Yes! In men, male pattern baldness (MPB) or Androgenic Alopecia (AGA) can be identified and defined visually. The use of the Hamilton Norwood Classification scale or other scales aids in this process and offers a more accurate classification.

Let me repeat: Self diagnosis for MPB is possible. I diagnosed myself, I then went to see the family doctor and asked him “what’s happening to my hair” he answered “male pattern baldness”. Don’t take my word for it, a study published in December, 2004 entitled “Validity of self reported male balding patterns in epidemiological studies” examined and compared the accuracy and reliability of the assessment of balding patterns when conducted by “trained observers” verses assessments of balding patterns conducted by “men” who are experiencing the balding themselves.

In this study, the trained observers and “men” used a classification system known as the “Hamilton-Norwood classification system” (shown below). This study found while it was best to have a trained observer assess the balding pattern, it found that “men’s self evaluation is accurate enough to ensure reliability and validity of results.” In other words, a man should be able to assess his own hair loss pattern using this scale reliably. [*1]

How to identify?

MPB causes a gradual thinning of the hair on the scalp, following a certain pattern. With MPB, the hair line either recedes uniformly from the forehead (this is known as frontal hair loss or frontal balding) or it recedes in a manner that follows an “M” shape (known as vertex hair loss). Vertex hair loss is also accompanied by hair loss at the crown or back of the head. [21] [23]

Both patterns could progress to partial baldness that leave hair around the sides of the head (resembling a “U” shape) or even to total baldness. The Hamilton Norwood scale is used by researchers and individuals to access or quantify their baldness pattern. [21] [23]

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Should the Term “Androgenic Alopecia” Be Used? (Research History)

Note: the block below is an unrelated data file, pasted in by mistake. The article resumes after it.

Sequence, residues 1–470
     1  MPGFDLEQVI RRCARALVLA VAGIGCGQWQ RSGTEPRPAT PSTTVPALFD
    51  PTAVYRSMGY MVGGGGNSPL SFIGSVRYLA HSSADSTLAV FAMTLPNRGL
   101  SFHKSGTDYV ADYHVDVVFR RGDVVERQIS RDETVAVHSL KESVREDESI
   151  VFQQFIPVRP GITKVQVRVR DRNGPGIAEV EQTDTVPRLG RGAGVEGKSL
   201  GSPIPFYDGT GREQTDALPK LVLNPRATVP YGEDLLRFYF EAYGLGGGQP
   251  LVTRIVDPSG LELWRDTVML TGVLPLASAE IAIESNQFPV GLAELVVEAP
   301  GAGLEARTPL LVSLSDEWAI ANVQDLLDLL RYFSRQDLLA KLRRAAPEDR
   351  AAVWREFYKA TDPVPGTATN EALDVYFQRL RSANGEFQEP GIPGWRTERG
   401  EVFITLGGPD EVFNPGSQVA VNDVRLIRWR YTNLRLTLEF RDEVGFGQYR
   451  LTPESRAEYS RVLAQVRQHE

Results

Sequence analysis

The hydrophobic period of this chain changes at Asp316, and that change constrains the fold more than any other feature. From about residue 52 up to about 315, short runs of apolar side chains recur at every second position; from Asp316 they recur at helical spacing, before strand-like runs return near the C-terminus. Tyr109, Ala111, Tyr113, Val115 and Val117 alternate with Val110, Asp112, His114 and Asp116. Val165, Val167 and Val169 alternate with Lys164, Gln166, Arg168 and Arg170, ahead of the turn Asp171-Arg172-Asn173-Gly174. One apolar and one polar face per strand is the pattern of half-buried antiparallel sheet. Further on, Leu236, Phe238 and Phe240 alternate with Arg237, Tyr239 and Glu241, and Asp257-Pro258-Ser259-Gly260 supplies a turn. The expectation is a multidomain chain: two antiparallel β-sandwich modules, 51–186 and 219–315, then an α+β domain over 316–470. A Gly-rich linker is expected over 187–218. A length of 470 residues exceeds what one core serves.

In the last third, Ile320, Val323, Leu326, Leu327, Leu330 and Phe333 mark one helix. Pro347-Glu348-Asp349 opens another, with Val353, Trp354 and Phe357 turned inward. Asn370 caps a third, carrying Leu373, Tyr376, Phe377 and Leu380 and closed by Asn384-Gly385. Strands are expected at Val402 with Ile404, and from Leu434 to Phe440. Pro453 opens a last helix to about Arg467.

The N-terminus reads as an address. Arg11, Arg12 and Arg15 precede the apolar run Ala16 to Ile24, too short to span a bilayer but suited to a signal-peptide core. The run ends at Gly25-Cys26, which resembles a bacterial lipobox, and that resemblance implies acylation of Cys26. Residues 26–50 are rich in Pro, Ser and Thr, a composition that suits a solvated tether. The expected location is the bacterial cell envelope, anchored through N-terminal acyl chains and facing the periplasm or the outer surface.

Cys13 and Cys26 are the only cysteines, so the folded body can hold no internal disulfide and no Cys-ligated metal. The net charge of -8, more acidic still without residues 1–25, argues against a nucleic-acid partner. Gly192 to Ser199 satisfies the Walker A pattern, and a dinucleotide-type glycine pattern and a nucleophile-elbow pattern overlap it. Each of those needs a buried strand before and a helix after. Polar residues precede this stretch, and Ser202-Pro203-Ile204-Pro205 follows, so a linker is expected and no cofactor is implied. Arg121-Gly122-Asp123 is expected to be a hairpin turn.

Wednesday, December 29th, 2010

About 60 years ago Hamilton made an important observation when he noticed that castrated men did not have AGA. He concluded that hair growth on the scalp was androgen-dependent.

Despite androgens causing hair loss in many men, androgens are actually crucial as they are responsible for the development of puberty; they also aid in, if not cause, male maturation, growth of muscles and the appearance of other sexual characteristics in young humans. [25]

Androgens, such as testosterone (T) and dihydrotestosterone (DHT), have been identified by researchers to be the main regulators of hair growth. Androgens contribute to the changing of vellus (tiny, un-pigmented) hairs into terminal (thicker) hair follicles. [18]

Paradoxically, androgens are also are often thought of as the main culprit behind male pattern baldness.

Androgens in the scalp of adults with androgen-dependent hair follicles seem to have two undesirable effects. The first being that they shorten the anagen phase (long growth phase). [6]

A study published in November 2002 further explained that the follicles experience a “transformation from long growth (anagen) and short rest (telogen) cycles, to long rest and short growth cycles.”  [3]

The second effect always accompanies the first and maybe the manifestation of it. This effect is manifested as the gradual changing of (thick) terminal hair follicles to (thinner) vellus hair (due to the reduction of the cellular hair matrix volume). This change in thickness has been referred to as a “progressive miniaturisation of the follicle.”[3] [5] [18] [23]

In summary, androgens shorten the long growth cycle (anagen phase) and cause follicles to enter into the resting cycle (telogen phase) faster and remain in that phase longer; this results in finer and finer hair. This process  is what we’ve identified as, or termed, AGA.